When a sick person is taken to hospital, a doctor first diagnoses the cause of the illness. He or she does not right away prescribe the treatment.
The Malawi economy is sick. This is easy to see: the civil service is malfunctional and this is perhaps one reason the economy is sickly. Guess work does not lead to taking the right or best action.
During colonial days when things were seen not to be working well in a colony, the British government would set up a commission of inquiry to investigate the causes and make recommendations. Members of the commission were usually specialists, experts and persons of experience. Most of them would be outsiders and would therefore be more detached in making recommendations.
The public sector, both the civil service and parastatals, seem to be hardly working. In getting things done, two terms have become popular in the science of managements. These are efficiency and effectiveness. Efficiency means doing things in the right way such as achieving maximum production at minimum cost. Effectiveness means doing things that ought to be done right. Efficiency alone does not solve a person’s or country’s problems if effort is being expended on unnecessary things.
There is evidence that in the public service there is a palpable inefficiencies. From time to time, we learn of a ministry offering a contract to a foreign organisation then later on cancelling the contract. The foreign body then sues the government demanding huge compensation.
The question to ask is why do officials entangle the government in situations where it has to be on the defensive.
From time to time, we read of ministries where millions of kwacha is paid to ghost workers. Why do such practices remain a long time without being detected? And when detected, why do they keep recurring? Is the public sector working efficiently?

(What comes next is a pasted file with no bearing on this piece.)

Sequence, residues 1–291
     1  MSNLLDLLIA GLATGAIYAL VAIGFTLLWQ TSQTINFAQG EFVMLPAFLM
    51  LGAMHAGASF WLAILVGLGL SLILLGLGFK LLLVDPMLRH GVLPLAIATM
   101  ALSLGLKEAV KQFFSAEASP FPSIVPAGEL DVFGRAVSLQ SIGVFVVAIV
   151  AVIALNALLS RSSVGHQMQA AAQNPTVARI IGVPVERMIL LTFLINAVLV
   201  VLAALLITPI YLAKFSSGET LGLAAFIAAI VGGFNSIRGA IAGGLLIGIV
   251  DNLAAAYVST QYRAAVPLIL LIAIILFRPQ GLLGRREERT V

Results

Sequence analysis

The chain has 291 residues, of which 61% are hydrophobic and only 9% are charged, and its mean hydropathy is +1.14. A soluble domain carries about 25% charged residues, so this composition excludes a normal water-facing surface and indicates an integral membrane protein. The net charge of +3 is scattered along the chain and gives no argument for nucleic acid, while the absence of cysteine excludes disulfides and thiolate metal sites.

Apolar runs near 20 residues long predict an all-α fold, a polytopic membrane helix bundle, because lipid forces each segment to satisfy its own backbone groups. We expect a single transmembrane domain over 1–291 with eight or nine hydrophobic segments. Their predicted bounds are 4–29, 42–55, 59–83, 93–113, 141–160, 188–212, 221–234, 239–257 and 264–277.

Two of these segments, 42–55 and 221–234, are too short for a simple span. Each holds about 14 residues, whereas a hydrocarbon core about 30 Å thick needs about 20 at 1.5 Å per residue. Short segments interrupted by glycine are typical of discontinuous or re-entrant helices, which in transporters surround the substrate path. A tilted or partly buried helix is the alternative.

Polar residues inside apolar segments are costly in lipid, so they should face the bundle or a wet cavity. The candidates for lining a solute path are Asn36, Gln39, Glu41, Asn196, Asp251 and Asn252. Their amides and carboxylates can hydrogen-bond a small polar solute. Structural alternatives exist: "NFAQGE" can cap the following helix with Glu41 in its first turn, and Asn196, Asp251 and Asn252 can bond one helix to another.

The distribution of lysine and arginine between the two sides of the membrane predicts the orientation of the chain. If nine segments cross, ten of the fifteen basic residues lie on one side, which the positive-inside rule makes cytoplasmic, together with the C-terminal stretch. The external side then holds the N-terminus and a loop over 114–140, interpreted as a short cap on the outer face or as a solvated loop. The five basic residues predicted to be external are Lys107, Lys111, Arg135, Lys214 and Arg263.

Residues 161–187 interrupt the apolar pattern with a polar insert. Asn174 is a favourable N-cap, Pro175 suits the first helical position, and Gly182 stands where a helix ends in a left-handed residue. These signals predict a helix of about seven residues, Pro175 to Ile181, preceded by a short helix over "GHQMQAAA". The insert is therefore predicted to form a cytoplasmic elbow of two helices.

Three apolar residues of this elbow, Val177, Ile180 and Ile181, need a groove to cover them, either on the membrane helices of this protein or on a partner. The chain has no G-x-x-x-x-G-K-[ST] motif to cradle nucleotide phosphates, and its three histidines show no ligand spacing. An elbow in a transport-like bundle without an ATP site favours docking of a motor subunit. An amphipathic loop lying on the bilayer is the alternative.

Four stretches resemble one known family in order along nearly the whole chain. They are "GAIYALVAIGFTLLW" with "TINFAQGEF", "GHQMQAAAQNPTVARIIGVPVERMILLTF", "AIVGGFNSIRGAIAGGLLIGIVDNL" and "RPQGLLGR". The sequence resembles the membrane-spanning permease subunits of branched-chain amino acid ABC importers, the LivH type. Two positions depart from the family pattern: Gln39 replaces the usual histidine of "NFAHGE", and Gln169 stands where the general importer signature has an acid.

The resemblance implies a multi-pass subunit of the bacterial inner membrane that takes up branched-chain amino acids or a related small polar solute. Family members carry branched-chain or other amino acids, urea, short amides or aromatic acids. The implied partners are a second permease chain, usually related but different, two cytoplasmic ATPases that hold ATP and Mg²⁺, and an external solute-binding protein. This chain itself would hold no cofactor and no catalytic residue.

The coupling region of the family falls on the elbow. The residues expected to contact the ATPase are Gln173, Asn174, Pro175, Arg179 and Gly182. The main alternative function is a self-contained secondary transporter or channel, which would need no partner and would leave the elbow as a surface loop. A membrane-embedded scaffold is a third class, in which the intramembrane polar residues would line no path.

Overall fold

Lack of integrity has become obvious. We used to hear about corruption in other countries and thought our country was normally cleaner. The truth out there is that there are people in the public services who are good at covering up the footprints of rogues.
In the private sector, there is broad agreement among executives and authorities on management about the characteristics of effective and efficient organisations. They share six characteristics;
- They have a clear well articulated mission; they know what they are out to achieve.
- A strategic use of stakeholders and resources. There are plans for the short-term and the long-term. A ship without compass might take you to an iceberg.
- Analysis of both threats and opportunities. Where are we? Where do we want to be?
- Clearly defining outcomes. They work not for the sake of working but to achieve results.
- An alignment of activities. Without proper coordination, the goals and objectives may prove difficult to achieve.
- An objective assessment performance.
To improve efficiency by asking the very people who have under-performed to suggest better methods if work is to take reforms seriously.
Who has the overall responsibility for the effectiveness and efficiency of the civil service? Presumably it is the chief secretary, head of the civil service. Can a chief secretary learn something from a president or chief executive officers of conglomerates? Whose budgets and staff are almost as big as those of the Malawi Government? What nature of autonomy do they grant to regional or branch managers? How do they make sure that the behemoth is operating to the satisfaction of stakeholders?
It is easy to tell if a private sector has been efficiently managed. You just look at the bottom line and see the amount of profit or loss. The public sector especially the civil service cannot be assessed in this manner. It is not there to make profits for shareholders who are members of the public but to render them a non- quantifiable service.
Still we can tell if the civil service is operating to the optimum. When patients are brought to the hospitals, the doctor is there on duty so are the nurses and the drugs. When a firebreak occurs in the city, trained personnel is on the spot and the situation is brought under control before it gets worse.
From the private sector, the public should borrow such as mission statement, planning, management by objectives. Political interference and bureaucracy should be minimised to get things done on time. n